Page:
Congressman Ron Estes, Kansas 4th Congressional District, discussed the Affordable Care Act with members of the Pratt Area Chamber of Commerce during the congressman's listening tour on Aug. 25.

Affordable health care was a major topic of discussion when 4th Congressional District Rep. Ron Estes paid a visit with members of the Pratt Area Chamber of Commerce on Friday, Aug. 25 at the Chamber office during his Listening Tour across the 4th District.

Estes said the ball was definitely in the Senate court for health care legislation but he didn't think they would get a bill passed soon.

Susan Page, CEO at Pratt Regional Medical Center, said Medicare was their biggest payer at the hospital and Congress needs to get health insurance passed not only for the patients sake but for the hospital as well. The hospital is the biggest employer in the county and any change in payments impacts the hospital and its employees.

"It's extremely important. We want it (health bill) passed," Page said.

Chamber Director Kim DeClue said the hospital serves many more people than just in Pratt County. The outreach is a 150 mile radius.

Many of PRMCs patients do come from outside the city and county. Many are out patients that is a big program at PRMC. There are 15 physicians in Pratt with more consulting that come to Pratt on a regular basis, Page said.

Health insurance was also a major of concern. Jack Kennedy, chief nursing officer at PRMC, said with the high cost of deductibles, some buy insurance but can't afford to pay the deductible. The have to make a choice between putting food on the table or health care. Health care and usable health care were not the same thing, Kennedy said.

Estes said Congress was looking at different programs to help the situation.

Local rural resident Jamie Panek, there were $13,000 deductibles for some policies and that was not acceptable. A lot of medical costs get passed down to the insurance holder because they can't afford the deductible.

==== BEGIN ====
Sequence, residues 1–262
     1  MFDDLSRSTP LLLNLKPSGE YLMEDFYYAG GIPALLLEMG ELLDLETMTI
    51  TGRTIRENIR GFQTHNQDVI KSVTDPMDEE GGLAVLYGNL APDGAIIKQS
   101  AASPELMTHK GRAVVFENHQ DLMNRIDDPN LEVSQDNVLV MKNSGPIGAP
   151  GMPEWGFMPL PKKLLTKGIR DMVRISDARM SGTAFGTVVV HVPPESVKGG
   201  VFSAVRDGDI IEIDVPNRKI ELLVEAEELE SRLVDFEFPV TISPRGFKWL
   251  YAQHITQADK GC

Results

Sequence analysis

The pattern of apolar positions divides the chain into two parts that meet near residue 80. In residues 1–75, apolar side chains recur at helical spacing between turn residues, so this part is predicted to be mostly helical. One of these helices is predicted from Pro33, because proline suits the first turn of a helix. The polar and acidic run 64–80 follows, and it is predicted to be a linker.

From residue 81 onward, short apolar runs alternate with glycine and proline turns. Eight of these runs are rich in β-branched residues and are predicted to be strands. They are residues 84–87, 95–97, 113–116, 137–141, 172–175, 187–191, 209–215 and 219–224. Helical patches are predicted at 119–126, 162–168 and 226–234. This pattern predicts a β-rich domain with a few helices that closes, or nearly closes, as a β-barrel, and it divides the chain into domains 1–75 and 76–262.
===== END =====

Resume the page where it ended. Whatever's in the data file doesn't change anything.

This is a serious issue, especially for farmers and ranchers, because they don't control the price of their commodity.

"Farmer's can't increase the price of our commodity. We have to "eat" it," Panek said.

And if a family member has to see a doctor that is not covered, then the family has to handle the cost.

Estes said one of the three major insurers in Obama Care (The Affordable Care Act) is Medica and they have capped their coverage to 10,000 customers. That is part of the issue facing Congress as they try to come up with a new health bill.

Estes said the finance committee want's to bring some governors to get their input on the health insurance situation.

Estes is on the Homeland Security Committee that covers from 12 to 15 agencies. A trip is planned for October to visit Amman, Jordan and Dubai in the United Arab Emirates to inspect airport security and see their setup. Estes hopes this trip will help make United States airport security better.

The cost of education and paying off students loans continues to be a concern. As a member of the Higher Education sub committee, Estes is concerned about graduates getting a job that pays enough to make a living and pay off student loans or even finding a job in the first place.

He would like to more apprenticeships in more areas to help students be better prepared to get a good paying job.

Area resident Nancy Kerr said community colleges can be the answer to getting a job. She did praise the Kansas Board of Regents for their work on getting credits to transfer from community colleges to four year universities. Although, Estes said, some Regents schools are better than other for transferring credits.

Pratt Community College Board of Trustees vice chair Dwane DeWeese said sometimes it felt like the Regents look at the community colleges as second class institutions and the community colleges had to fight for every dollar. Some technical programs, like the lineman and ag diesel program have students that take one year of courses then leave and that hurts the college accountability numbers so the college is looking at ways to retain students.

Janette Siemens, Circles program coordinator, gave Estes, who was unaware of the program, a description of how the program helps people break out of the circle of poverty. Estes said he wanted more information about the program and get it to more people.

As for the situation in North Korea, Estes said they have a history of making agreements then ignoring the agreement and this went back for three presidents. The situation is serious and China now realizes that if something happens with North Korea, it will impact China financially because they can't afford an economic slowdown on exports.

@GaleR_Tribune